Tabba said...

Liv, Chani, Maigh - How your words comfort. And oh, how I've missed your voices.

Maigh - you are so right, love. so, so right and I am working my way up to making that crucial phone call.
You're a peach. Thank you.

jen said...

honey, i remember that day so well. of course you are a wonderful mother. of course it still haunts you.

it's the sum rather than our parts.

flutter said...

Oh, honey...

Pgoodness said...

you're doing just fine, but as others have said, this does not define you - as a mother, as a person - you need time to process and let go - it was a mistake and it's ok. Really. He's ok. Your guilt will fade, leaving peace and knowledge in its place.

Joker The Lurcher said...

someone once said to me that i should not look at how my son experiences things from the perspective of my own childhood. it struck me as very wise.

bad stuff does happen - it happened to your lovely son. the difference is he is not the little child in the parking lot at night, surrounded by police cars, who never knows what is round the corner. your son knows that when bad stuff happens you are there to make it better.

Her Grace said...

It will live with you much longer than it will live with him. Also, what thailandchani said.

carrie said...

You are better than that moment. You are a phenomenal mom and that moment does not get to take your glory away like you are letting it. Don't let it.

And we ALL make mistakes, every one of us. If we didn't, than how would we learn? How would we know? How would we understand?

Your little guy sees the mama inside that loves him to pieces no matter what. Nothing else.

deb said...

I think writing about it and sharing it with us helps to work through the grief. Telling our stories is how humans deal with bad stuff. And I'm sending you a hug. I've missed you.

alejna said...

Of course you are better than that moment. And of course it still haunts you. It was a terrifying event.

We all have scary moments of carelessness, but most of them go blessedly uneventfully. But I think back on some times when my lapse of attention, my obliviousness to some danger could have led to disaster, and my stomach turns. One electrocution hazard that I discovered comes to mind, which was sitting around for days before I recognized it for what it was. Happily my daughter did not pay attention to it before I did. I was lucky that things turned out okay, that there was no trip to the emergency room. Or worse.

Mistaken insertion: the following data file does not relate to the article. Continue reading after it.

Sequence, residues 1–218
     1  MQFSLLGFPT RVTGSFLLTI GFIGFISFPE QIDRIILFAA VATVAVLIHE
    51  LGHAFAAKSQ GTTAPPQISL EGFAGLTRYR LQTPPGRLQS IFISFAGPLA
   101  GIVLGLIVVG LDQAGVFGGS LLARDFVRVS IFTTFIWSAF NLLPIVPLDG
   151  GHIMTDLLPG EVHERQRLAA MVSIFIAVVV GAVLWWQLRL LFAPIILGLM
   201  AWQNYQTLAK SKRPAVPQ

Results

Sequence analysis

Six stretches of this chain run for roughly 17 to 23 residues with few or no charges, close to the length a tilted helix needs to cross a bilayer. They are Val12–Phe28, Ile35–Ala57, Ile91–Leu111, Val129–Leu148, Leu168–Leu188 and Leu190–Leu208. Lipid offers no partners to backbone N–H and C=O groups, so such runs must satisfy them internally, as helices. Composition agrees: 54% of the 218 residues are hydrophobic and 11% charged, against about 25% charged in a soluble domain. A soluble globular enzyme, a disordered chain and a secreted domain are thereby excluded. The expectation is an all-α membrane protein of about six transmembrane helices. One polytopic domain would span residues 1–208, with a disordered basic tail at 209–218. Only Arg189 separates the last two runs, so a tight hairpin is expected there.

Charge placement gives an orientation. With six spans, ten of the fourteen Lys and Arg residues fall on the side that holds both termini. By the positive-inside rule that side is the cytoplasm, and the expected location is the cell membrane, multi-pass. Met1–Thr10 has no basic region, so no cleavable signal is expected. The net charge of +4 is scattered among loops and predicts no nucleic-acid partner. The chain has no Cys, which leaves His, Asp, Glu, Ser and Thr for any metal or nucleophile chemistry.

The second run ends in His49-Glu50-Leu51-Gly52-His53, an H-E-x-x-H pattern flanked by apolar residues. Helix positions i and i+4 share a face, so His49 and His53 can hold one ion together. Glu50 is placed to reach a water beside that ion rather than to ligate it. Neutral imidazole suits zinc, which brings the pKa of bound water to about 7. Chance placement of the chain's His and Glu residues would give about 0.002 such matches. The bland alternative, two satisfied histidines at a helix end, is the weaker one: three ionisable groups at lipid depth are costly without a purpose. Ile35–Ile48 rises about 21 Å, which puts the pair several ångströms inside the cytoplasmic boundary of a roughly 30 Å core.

I have a friend who realized that she forgot to buckle her daughter's straps in her infant seat in the car when her daughter was only a few weeks old. Had she gotten in a even a minor accident, there could have been trauma or tragedy. But she was lucky, too. There was no accident. She was able to set the incident aside.

I'm glad that you've gotten such wonderful comments from people. I wanted to leave a comment earlier, but comments often come slowly to me. So I came back.

I hope that you are still looking into taking maigh's advice. Chocolate included.

Aliki2006 said...

Oh, Tabba--I come back overjoyed to find you here and then you bring me to tears!! We are all human, we parents--we mothers. You are so much MORE than that terrible day, those horrible moments. I think the advice you've already received is perfect--process the fear and the guilt, and then leave it behind--in the past, where it belongs.

Jen M. said...

I remember the day you posted that. I felt so sick inside - for both of you. You are both so much more than that one moment. But maybe you were naive to think that the terror you felt would go away? You probably have a little ptsd associated with this event - you can move past this.
And - he didn't drown. He is here. You are here.